It's difficult to be certain from the images you supplied, however the assembly with the spring inside the end cover that has been removed looks like it could be the centrifugal (stationary) start switch. You can probably confirm that it is a spring-loaded switch by applying pressure on it at the point where the shaft passes through it. If it responds with a "click" action then it is definitely a switch, and/or you could confirm by checking for continuity across those wires.
The assembly protruding from the shaft with the spring looks like it is the centrifugal weight that activates the switch, although again it's difficult to see how it operates. If you "lift" that disc away from the shaft (i.e. to compress the spring) and that causes the disc sitting on the shaft to move towards the end of the shaft (i.e. towards the switch in the end cover) then that would confirm that it is the centrifugal switch start mechanism.
If that's not the case then another possibility is if the shaft moves axially when the motor is assembled (i.e. if you can push the shaft in) to activate the switch then it would appear that the motor is designed to run only when pressure is applied to the end of the shaft. In that case I would assume that the machine has a mechanism to press the shaft in when the operator applies pressure to some part of the machine, either as a convenience to the operator or as a safety feature (and perhaps both).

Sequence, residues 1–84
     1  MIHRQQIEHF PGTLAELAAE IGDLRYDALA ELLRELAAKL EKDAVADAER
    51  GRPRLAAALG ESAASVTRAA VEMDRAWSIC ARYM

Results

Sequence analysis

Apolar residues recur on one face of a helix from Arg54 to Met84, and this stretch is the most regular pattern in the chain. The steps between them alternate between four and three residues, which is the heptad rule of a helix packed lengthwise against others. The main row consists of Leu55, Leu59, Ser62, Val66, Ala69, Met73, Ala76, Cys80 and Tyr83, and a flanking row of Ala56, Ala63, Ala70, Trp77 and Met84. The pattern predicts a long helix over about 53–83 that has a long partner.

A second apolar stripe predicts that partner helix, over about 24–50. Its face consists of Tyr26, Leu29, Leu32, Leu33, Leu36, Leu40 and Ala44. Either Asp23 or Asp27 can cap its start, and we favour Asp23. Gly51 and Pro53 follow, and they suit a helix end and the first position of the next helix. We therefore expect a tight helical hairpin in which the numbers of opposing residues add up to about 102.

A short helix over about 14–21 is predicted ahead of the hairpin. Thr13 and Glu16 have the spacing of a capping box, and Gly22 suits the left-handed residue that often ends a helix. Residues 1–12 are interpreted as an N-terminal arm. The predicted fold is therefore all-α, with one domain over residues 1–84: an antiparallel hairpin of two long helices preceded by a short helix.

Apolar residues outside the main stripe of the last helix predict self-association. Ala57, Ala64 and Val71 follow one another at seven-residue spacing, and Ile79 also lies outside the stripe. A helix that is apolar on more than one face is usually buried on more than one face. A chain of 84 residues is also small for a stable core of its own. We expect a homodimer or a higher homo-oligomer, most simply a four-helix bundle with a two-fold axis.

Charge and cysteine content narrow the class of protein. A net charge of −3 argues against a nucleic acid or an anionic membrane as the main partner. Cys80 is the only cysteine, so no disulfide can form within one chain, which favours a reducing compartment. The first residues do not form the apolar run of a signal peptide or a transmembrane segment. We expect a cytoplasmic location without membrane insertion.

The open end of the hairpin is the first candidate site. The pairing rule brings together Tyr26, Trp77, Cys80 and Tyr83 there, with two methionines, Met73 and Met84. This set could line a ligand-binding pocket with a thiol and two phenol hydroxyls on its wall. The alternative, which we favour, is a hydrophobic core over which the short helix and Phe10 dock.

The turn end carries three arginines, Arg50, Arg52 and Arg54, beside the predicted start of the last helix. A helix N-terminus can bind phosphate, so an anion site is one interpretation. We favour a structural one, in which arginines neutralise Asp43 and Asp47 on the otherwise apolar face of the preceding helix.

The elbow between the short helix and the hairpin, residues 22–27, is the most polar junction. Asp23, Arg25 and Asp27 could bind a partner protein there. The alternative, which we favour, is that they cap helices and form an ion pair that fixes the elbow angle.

Checking the continuity between those wires should also give confirmation of what it is. If there is continuity which is broken when pressure is applied then it is a "start" (centrifugal/stationary) switch. If it is open but gets continuity when pressure is applied then it is an operation/safety switch.
To answer your question:- no it's not likely that you would be able to run the motor without re-connecting those broken wires. If the switch is part of the starting mechanism, then best case is that you may be able to manually spin the shaft to get it moving before applying power (I wouldn't risk doing it after power is applied), assuming that the shaft spins freely enough to keep rotating long enough for you to then get power to it. That would only serve to see if the motor otherwise still operates, of course, since it still needs to be repaired before you can fit it back into the machine. If it turns out to be an operation/safety switch then of course it will need to be reconnected and also pressure applied to the shaft (I wouldn't risk trying to do that with the motor connected to power).
If you do decide to attempt a repair, pay careful attention to where those wires end up as you reassemble the motor as they will have to stay clear of that assembly on the shaft which will of course be rotating when the motor operates.